From the beginning, the proposed C.T.L. plant has been divisive among Crow tribal members. A group called the Crow Allottees Association feared their water would be taken or polluted by the project. In its place, they are planning wind development for their land.The conflict also concerns water rights that were not clearly decided for over 160 years, which led to failing infrastructure as responsibilities were not clarified. Last year, Obama signed the Water Rights Settlement act, which provides $461 million for improvements and guarantees 650,000 acre-feet of water per year. However, the tribe had to ratify the act, and a contentious debate ensued between allottees and other tribe members.
Division among the Crow tribe has historical roots in the General Allotment Act of 1887, a bid by the U.S. government to grab land and disrupt the social cohesion of communal tribes by dividing up reservations into small land parcels, individually owned.
Bill Eggers, another opponent, said he believes the water compact takes away the allottees’ water rights without compensation. Among other things, Eggers questions whether he will be able to use the groundwater that’s on his land or if he’ll have to figure out a way to get water from the river 60 miles to his acreage.(The settlement was finally ratified.)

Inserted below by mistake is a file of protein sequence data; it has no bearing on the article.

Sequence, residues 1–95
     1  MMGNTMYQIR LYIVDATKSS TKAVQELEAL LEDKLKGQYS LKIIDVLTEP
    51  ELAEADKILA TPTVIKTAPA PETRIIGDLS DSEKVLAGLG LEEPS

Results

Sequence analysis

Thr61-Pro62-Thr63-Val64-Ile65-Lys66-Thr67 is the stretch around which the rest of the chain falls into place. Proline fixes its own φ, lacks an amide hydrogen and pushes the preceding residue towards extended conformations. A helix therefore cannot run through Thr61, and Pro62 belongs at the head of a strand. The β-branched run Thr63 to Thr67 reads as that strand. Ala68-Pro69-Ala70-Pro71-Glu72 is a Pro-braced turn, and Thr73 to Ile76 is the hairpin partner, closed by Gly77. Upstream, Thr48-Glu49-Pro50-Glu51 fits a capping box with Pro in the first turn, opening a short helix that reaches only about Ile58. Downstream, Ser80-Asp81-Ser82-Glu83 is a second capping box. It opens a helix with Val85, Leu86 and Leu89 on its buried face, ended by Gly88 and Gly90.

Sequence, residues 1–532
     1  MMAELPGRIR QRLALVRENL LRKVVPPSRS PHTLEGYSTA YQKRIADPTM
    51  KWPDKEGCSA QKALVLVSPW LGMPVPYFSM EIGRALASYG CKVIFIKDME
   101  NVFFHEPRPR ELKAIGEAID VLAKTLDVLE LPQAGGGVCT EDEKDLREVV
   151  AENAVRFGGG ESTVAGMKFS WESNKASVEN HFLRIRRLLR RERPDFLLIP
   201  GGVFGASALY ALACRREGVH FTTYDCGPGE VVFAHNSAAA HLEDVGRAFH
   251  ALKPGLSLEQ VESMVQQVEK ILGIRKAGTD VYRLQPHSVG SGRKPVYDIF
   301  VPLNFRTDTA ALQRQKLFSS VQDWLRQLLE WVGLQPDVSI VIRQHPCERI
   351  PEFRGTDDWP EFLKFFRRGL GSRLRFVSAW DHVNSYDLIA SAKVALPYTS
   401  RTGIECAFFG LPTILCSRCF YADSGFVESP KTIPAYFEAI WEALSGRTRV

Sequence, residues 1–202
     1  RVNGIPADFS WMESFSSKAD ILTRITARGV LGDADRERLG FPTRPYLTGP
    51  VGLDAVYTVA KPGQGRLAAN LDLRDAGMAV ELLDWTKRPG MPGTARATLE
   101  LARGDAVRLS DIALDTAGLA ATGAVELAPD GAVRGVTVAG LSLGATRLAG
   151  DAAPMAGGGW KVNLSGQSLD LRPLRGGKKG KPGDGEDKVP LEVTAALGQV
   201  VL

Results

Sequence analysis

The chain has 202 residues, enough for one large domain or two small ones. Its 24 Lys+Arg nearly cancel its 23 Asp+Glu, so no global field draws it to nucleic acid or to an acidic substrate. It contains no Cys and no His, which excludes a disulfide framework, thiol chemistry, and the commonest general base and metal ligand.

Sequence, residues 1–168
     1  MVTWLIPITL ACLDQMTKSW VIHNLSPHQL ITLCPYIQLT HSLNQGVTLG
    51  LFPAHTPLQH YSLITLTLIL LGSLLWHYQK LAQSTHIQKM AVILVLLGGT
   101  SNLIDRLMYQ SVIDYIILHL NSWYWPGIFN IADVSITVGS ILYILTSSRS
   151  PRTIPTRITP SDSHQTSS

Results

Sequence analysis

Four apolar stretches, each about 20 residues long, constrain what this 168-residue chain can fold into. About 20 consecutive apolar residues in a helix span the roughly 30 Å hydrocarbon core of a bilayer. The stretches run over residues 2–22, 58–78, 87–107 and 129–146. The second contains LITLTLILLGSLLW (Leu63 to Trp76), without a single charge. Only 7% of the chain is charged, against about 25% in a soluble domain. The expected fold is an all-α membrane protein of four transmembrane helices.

...the government illegally withheld more than $150 billion from Indians whose lands were taken in the 1880s to lease to oil, timber, minerals and other companies for a fee. Back then, the government started breaking up reservations, accumulating over 100 million acres, giving individual Indians 80 to 160 acres each, and taking legal title to properties placed in one of two trusts. The Indians were given beneficial ownership but the government managed the land, believing Indians couldn't handle their affairs. With leases for oil wells in Oklahoma, resorts in Palm Springs, and rights-of-ways for roads in Scottsdale, Arizona, some descendants of original owners receive six- and even seven-figure sums annually. But the prototypical beneficiary, now poised to share in the settlement, is a poor Dakotan who struggles to afford propane to heat his quarters and has been receiving as little as $20 a year. More than $400 million a year is collected from Indian lands and paid into U.S. Treasury account 14X6039. (source)
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